The B100 I have is high-quality stuff. That is not in doubt (although it could be quite easily, be careful). It has been entirely clear and homogenous ever since I got it. However, when I had to change my fuel filter yesterday, I noticed that the B100 I keep in my trunk to fill new fuel filters got cloudy. When I had poured it in, it was clear, but in the week that it was in a Mason jar in my trunk, it clouded. What happened?

Chances are that cold weather happened. The one drawback to biodiesel is that its gel point (the temperature at which portions of it begin to solidify/gel) is much higher than that of petrodiesel. Gasoline and petrodiesel have been around for over a century, and have constantly been tweaked and improved in that time. Thus, we have fuels that are equally useful in Manitoba in the middle of February as it is in Arizona in the middle of August. Biodiesel doesn’t have as much going for it – yet. There are many, many feedstocks it could be made from. It’s not widely available commercially yet. It simply doesn’t have the century of development behind it that gasoline and petrodiesel do, and it’s compounded by the fact that it can be made from a huge variety of virgin, used, or waste vegetable and/or animal fats.

It would be a simple matter to get around these issues: a heated, insulated fuel tank and heated fuel lines would put biodiesel on pretty much equal footing as petrodiesel in terms of useability across a temperature range. Deal with the petrodiesel gunk issue, and you’ve got a level paying field. Unfortunately, no vehicle I know of comes with an insulated, heated fuel tank (although I have heard that some Mercedes vehicles have heated fuel lines). Retrofit is an expensive proposition, and again because there isn’t the century of experience with biodiesel, finding expertise to do such a retrofit for you isn’t as simple as looking it up in the Yellow Pages.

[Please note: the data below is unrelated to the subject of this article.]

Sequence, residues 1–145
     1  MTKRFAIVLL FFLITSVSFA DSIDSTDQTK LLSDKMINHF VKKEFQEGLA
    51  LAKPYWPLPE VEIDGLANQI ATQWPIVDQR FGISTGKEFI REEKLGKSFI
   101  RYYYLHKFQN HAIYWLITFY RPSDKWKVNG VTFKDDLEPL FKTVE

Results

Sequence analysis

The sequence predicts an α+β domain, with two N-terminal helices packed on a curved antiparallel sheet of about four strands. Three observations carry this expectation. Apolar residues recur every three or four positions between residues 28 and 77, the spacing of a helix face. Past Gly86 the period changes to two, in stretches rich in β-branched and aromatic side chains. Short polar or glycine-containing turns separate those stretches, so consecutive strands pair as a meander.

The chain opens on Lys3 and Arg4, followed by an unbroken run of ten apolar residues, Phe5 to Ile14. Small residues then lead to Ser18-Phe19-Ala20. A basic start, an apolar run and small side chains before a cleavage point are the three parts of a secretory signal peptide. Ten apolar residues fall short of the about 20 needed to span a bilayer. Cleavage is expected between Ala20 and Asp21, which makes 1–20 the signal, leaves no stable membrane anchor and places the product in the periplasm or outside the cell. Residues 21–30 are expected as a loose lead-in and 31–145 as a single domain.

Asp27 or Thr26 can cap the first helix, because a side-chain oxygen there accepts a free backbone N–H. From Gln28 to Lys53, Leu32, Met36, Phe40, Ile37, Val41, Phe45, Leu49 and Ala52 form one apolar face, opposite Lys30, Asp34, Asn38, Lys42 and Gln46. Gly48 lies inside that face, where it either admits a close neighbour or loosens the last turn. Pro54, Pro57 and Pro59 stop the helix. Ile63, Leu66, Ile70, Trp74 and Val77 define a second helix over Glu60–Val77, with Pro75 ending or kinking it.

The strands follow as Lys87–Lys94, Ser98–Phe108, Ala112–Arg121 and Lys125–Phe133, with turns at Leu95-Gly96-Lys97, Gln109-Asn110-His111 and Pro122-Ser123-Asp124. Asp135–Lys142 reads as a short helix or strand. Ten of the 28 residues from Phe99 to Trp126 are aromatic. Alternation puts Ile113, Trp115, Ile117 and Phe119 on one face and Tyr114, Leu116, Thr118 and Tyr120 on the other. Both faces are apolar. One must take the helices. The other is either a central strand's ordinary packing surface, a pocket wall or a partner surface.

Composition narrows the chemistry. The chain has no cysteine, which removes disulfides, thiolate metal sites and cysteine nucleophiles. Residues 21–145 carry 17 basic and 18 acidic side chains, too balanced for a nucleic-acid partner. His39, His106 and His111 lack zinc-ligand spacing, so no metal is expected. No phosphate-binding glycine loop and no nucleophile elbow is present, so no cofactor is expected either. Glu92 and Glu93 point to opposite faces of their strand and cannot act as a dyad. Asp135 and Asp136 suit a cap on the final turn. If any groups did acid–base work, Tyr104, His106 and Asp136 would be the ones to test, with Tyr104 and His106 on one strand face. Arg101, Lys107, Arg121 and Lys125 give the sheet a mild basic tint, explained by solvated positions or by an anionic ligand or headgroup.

Where does that leave me? Disillusioned. I was SO gung-ho to use biodiesel, and it’s given me a small dose of bragging rights and a huge amount of frustration. For now I just can’t justify using any more biodiesel, especially with the cold weather slowly creeping in. Biodiesel (in conjuction with my lack of preparation) has now stranded me twice and my wife once, and I’ve only just used 40L of it. Steep learning curve? Maybe… but it’s enough to make me wonder if I want to climb anymore.

Don’t let my experiences dissuade you from running biodiesel in your vehicle. If you are going to do so, however, I STRONGLY urge you to heed my advice such that you may avoid the issues I’ve had to suffer. You learn the most from making mistakes, but I firmly believe that you can still learn from other’s mistakes too. Learn from mine, please!

One Comment leave one →
  1. Pete Beale permalink
    December 5, 2007 1:19 pm

    Thanks for this artical!!
    I’m having clogging issues with brand new chevy. Nice to know that at least Im not allone.